It wasn’t supposed to be this way. Georgetown, Texas – population 75,000 – was to be the new poster child of the green movement.
Environmental interest in Georgetown’s big push to generate all of its electricity from wind and solar power was amplified by three factors: the town and its mayor were nominally Republican; Georgetown is in an oil- and natural gas-rich state; and that state is deep-red Texas.
Former Vice President Al Gore and other climate change luminaries feted Georgetown Mayor Dale Ross, and Ross was featured prominently at renewable energy conventions.
Last October, while the green dream was still in full flower, the city applied for a $1 million grant from former New York City Mayor Michael Bloomberg’s nonprofit, Bloomberg Philanthropies, and won it.
Ostensibly to be used for energy storage innovation in batteries, the grant’s only real requirement was that the city serve as a public relations platform in Bloomberg’s push to convince Americas to abandon affordable fossil fuels and switch to more costly renewable energy.
Trouble started when politicians’ promise of cheaper renewable energy was mugged by reality.
Georgetown’s electric bills went up as more wind and solar power displaced cheaper natural gas in the power portfolio of the Georgetown’s municipal utility. Politicians scrambled for cover. And the bloom came off Georgetown’s renewable rose.
Now, largely embarrassed members of the City Council are trying to figure out how to unwind the renewable mess they and their predecessors voted themselves into.
With their municipal utility facing a $7 million shortfall – money that has to be made up by the city residents through higher electricity costs – the City Council voted 5-1 in July to instruct the staff to figure out how to wriggle out of the Bloomberg PR deal.
On Aug. 13 the Council voted 5-0 to officially kill the deal. The city is also raising property taxes.
The Council member who asked for the vote said he wasn’t opposed to renewable energy, but that in light of the city utility’s deficit, the city should focus on the basics, rather than “doing experiments.”
Indeed, there’s not a single city in the contiguous 48 states that runs solely on wind and solar power. The reason is simple: electricity gets to cities via a grid, and that grid draws its energy from a variety of sources – mostly natural gas.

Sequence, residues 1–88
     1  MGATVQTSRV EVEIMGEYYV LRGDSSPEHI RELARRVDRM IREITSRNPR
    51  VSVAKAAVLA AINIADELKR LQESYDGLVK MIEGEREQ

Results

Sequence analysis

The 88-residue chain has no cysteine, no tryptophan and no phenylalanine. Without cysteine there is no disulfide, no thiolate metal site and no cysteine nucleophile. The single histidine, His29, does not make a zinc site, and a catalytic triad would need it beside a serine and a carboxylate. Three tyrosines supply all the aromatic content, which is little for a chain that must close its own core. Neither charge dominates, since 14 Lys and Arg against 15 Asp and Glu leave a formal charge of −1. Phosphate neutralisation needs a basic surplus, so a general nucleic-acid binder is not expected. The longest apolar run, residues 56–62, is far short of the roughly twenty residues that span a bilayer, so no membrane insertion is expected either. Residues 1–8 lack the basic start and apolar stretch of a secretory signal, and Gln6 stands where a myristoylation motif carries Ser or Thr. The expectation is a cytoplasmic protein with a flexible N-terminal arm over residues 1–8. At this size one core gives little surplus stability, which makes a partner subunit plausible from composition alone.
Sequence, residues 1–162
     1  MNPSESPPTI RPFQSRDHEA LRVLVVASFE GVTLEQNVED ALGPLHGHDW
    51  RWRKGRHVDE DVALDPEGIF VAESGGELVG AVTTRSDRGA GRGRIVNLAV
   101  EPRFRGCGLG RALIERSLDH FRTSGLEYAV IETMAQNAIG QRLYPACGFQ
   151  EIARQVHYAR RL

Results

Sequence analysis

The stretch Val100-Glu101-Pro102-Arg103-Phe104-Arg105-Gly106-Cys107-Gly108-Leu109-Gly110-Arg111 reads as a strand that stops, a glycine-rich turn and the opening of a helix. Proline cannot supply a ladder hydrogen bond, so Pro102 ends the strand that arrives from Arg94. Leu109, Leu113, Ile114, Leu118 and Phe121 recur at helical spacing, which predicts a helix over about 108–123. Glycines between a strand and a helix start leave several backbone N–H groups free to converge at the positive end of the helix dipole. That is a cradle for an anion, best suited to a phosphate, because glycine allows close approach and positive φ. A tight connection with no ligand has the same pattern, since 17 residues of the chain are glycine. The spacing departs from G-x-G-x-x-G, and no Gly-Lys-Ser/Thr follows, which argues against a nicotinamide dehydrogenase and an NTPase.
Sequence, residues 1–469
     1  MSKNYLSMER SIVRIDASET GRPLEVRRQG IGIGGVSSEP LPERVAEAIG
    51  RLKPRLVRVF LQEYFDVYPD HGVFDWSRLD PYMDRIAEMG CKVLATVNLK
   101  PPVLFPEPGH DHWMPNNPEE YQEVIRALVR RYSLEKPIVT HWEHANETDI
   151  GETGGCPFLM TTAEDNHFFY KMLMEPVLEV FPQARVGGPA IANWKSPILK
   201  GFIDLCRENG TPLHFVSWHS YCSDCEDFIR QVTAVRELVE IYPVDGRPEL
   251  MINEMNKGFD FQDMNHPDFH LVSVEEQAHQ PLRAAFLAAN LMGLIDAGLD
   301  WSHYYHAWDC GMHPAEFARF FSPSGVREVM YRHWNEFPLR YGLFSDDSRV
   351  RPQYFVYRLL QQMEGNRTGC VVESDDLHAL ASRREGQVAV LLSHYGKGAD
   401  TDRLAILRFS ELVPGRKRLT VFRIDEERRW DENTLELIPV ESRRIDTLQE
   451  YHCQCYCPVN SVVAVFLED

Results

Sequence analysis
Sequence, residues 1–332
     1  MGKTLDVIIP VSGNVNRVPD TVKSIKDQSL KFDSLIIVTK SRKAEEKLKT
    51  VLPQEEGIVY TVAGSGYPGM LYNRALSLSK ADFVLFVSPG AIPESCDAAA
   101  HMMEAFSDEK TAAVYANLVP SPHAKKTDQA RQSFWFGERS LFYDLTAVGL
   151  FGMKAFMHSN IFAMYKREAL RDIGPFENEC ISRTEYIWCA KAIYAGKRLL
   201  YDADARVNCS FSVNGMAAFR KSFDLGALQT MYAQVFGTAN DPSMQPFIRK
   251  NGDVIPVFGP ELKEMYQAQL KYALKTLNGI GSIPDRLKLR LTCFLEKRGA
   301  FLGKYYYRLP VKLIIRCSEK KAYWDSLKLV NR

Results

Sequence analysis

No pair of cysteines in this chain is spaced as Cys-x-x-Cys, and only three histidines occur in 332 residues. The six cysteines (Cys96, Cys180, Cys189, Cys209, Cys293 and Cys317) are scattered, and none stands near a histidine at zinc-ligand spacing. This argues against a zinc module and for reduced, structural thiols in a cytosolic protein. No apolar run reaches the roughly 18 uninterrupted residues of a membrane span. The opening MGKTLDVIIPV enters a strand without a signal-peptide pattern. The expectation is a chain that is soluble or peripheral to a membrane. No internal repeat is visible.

Excluding large-scale dams, which fell out of favor with the environmental movement 50 years ago, renewables powered about 10 percent of the U.S. grid last year.
This means that cities like Georgetown, which have contracted to take power from wind and solar farms hundreds of miles away, don’t risk blackouts on windless nights, because reliable power is delivered from a grid getting power from fossil fuels.
As part of the Bloomberg agreement, Georgetown was going to hire a new bureaucrat to oversee the installation of solar panels on homes, while creating a battery storage farm to keep the grid energized when the sun wasn’t shining and the wind wasn’t blowing.
But such arrangements are hardly cutting edge. In fact, the physics and economics of battery storage are well known. And here’s where Georgetown’s 100 percent renewable push merely looks like expensive virtue signaling.
Moore’s Law governs the world of computing – the speed and capability of computers doubles every two years. But computers only manipulate 1s and 0s.
In contrast, we use energy to manipulate the physical world – to cool and heat homes, to move ourselves and commerce faster and farther than we could using our feet (or horses or bicycles), and to bring light to the darkness. Efficiency improvements in the natural world move more slowly and yield to diminishing returns as they reach physical limits.
In Georgetown’s case, for it to truly go 100 percent renewable energy using today’s state-of-the-art mass-produced batteries from Tesla’s Gigafactory, the city would need a $400 million battery farm weighing some 20,000 tons to avoid a blackout on a quiet winter night. And, after spending $15,600 for each household to build such a battery farm, its backup power would be drained in 12 hours, with a second windless winter night leaving residents shivering in the dark.
Funding, building and relying on such a lithium-ion battery farm would likely lead to a change in city leadership in the first election following an inevitable blackout. Which, perhaps, is why so many of today’s environmentalists aren’t big fans of democracy – the freely expressed opinions of people stand in the way of their agenda.
This is where Rep. Alexandria Ocasio-Cortez’s D-N.Y., Green New Deal crashes into reality. Building an energy infrastructure reliant on unreliable renewables will cost trillions of dollars and necessitate a massive increase in mining to produce the materials needed for a nationwide battery storage system. [See ‘The “New Energy Economy”: An Exercise in Magical Thinking’]
If the Green New Deal ever moves from fantasy to implementation, the voters will swiftly end the green dream at the ballot box.
Chuck DeVore is a vice president with the Texas Public Policy Foundation and served in the California State Assembly from 2004 to 2010.
[See also: “Texas town’s environmental narcissism makes Al Gore happy while sticking its citizens with the bill” (29 Jan 2019)]
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